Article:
Driving by Starlight by Anat Deracine

Driving by Starlight

Anat Deracine

Sixteen-year-olds Leena and Mishie are best friends. They delight in small rebellions against the Saudi cultural police—secret Western clothing, forbidden music, flirtations. But Leena wants college, independence—she wants a different life. Though her story is specific to her world (a world where it's illegal for women to drive, where a ten-year-old boy is the natural choice as guardian of a fatherless woman), ultimately it's a story about friendship, family, and freedom that transcends cultural differences.

Teen fiction. Call number: YA FIC Der. View in our catalog

Trash Revolution by Erica Fyvie

Trash Revolution: Breaking the Waste Cycle

Erica Fyvie, illustrated by Bill Slavin

All the stuff that surrounds us has a life cycle: materials are harvested, the stuff is made and distributed, it's consumed and then it gets trashed or recycled. Using the typical contents of a child's school backpack (defined as water, food, clothing, paper, plastic, metals, electronics), this book explores those stages in detail, including lots of ways to reduce, reuse or recycle waste along the way. Children will gain new insight into the routine decisions they make about their own consuming and trashing or recycling practices. For example: How long does it take for a cotton T-shirt to decompose in a landfill? Can a bike helmet be made from recyclable materials? Which is better for the Earth, wrapping a sandwich in aluminum foil or plastic? By learning to use critical thinking skills to make informed choices, children will feel empowered by the important, constructive role they can play in the future health of the planet.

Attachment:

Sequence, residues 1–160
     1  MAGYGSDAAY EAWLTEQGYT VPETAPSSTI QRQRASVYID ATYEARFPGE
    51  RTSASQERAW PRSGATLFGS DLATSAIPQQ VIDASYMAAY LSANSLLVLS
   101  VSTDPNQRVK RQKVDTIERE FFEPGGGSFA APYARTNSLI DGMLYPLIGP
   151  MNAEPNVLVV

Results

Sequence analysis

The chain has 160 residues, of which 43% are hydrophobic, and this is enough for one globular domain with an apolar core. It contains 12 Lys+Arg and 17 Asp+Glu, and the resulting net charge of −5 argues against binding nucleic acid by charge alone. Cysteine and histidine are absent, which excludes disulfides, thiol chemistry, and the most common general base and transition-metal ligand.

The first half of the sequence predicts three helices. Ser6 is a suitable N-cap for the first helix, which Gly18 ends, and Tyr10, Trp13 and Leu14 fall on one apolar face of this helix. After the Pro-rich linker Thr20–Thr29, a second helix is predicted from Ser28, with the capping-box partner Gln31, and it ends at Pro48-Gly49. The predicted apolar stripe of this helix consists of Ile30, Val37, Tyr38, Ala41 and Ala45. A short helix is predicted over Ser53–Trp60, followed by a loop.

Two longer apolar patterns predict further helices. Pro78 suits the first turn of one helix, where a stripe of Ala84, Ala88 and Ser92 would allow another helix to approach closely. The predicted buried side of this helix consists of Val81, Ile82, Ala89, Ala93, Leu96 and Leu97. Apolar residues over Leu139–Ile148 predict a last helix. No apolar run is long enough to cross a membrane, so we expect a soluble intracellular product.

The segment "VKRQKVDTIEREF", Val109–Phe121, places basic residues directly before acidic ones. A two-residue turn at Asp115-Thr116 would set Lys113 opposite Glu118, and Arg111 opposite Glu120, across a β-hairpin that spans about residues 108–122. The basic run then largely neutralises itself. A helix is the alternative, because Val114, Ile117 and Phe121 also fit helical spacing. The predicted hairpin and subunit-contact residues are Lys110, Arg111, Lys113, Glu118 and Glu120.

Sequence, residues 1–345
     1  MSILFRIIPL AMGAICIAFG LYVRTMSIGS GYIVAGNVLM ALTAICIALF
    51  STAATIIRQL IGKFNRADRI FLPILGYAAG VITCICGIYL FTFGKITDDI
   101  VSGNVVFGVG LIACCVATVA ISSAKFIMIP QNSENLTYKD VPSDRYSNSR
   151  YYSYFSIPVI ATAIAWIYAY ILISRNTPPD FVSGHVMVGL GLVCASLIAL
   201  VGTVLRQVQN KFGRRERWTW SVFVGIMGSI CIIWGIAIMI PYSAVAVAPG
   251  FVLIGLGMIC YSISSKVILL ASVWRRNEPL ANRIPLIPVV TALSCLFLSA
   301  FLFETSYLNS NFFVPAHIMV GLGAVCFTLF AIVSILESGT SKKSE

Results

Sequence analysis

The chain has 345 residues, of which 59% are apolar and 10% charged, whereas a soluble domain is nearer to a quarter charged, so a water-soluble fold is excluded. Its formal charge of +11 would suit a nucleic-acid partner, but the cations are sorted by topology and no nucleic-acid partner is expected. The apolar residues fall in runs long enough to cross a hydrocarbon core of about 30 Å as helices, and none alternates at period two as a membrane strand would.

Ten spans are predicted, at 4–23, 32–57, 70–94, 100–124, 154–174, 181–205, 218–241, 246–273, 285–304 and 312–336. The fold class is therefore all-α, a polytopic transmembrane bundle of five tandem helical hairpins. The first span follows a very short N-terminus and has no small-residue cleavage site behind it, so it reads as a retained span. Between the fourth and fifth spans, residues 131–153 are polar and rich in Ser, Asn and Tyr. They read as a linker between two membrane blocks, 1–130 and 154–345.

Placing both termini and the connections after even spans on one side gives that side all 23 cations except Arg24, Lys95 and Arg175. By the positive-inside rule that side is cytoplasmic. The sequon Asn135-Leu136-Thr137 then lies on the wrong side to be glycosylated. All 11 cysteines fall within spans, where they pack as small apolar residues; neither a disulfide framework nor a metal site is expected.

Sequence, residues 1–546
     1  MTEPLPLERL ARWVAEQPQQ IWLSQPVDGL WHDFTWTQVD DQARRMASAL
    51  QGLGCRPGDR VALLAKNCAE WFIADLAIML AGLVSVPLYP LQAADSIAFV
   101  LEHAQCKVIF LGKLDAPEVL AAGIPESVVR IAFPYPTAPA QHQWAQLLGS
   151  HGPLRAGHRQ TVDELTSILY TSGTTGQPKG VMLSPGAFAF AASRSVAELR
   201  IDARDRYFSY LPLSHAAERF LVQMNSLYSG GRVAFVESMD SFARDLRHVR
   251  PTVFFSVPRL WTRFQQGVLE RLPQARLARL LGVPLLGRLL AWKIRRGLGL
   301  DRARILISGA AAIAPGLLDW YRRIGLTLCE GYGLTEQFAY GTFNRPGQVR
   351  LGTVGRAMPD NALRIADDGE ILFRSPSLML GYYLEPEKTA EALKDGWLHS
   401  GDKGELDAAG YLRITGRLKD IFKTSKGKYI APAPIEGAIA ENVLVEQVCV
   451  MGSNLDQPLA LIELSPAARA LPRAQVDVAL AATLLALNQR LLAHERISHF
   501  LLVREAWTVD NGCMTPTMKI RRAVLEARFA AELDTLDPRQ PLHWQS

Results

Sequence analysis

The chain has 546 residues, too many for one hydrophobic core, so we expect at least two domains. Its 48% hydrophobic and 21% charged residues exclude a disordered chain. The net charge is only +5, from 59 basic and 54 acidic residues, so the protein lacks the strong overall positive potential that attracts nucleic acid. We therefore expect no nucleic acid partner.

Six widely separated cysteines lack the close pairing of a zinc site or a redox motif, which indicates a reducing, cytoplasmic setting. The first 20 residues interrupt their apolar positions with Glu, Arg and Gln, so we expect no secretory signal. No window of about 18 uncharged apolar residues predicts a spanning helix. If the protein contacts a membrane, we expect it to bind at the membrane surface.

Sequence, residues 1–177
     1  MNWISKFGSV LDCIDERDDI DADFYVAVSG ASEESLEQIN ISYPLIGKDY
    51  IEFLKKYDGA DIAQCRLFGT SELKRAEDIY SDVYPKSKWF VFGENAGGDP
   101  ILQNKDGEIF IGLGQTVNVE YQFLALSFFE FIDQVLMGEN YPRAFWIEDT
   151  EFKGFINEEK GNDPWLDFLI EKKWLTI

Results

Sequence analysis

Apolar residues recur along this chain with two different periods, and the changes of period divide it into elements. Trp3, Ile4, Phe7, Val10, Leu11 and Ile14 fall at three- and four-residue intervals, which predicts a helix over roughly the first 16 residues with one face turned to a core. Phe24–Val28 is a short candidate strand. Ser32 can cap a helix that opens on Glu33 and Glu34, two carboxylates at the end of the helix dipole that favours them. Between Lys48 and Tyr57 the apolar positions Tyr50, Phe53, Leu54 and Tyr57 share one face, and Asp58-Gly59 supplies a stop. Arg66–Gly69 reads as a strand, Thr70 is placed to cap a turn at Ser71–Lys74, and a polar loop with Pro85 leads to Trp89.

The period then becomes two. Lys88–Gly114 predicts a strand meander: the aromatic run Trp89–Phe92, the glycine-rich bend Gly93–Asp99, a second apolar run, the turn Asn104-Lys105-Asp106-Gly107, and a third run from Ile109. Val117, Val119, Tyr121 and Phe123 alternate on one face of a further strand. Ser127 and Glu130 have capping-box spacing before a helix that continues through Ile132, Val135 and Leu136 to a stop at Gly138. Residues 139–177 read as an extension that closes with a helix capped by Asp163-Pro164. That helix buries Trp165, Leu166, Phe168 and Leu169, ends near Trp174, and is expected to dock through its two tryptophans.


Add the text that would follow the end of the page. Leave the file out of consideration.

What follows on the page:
Youth nonfiction. Call number: J 363.728 Fyv. View in our catalog

The Memory of Forgotten Things by Kat Zhang

The Memory of Forgotten Things

Kat Zhang

One of the happiest memories twelve-year-old Sophia Wallace has is of her tenth birthday. Her mother made her a cake that year—and not a cake from a boxed-mix, but from scratch. She remembers the way the frosting tasted, the way the pink sugar roses dissolved on her tongue.

This memory, and a scant few others like it, is all Sophia has of her mother, so she keeps them close. She keeps them secret, too. Because as paltry as these memories are, she shouldn’t have them at all.

The truth is, Sophia Wallace’s mother died when she was six years old. But that isn’t how she remembers it. Not always.

Sophia has never told anyone about her unusual memories—snapshots of a past that never happened. But everything changes when Sophia’s seventh grade English class gets an assignment to research solar eclipses. She becomes convinced that the upcoming solar eclipse will grant her the opportunity to make her alternate life come true, to enter a world where her mother never died.

With the help of two misfit boys, she must figure out a way to bring her mother back to her—before the opportunity is lost forever.

Youth fiction, ages 8-12. Call number: J FIC Zha. View in our catalog

Descriptions and images provided by the publishers.

© 2018 William P. Faust Westland Public Library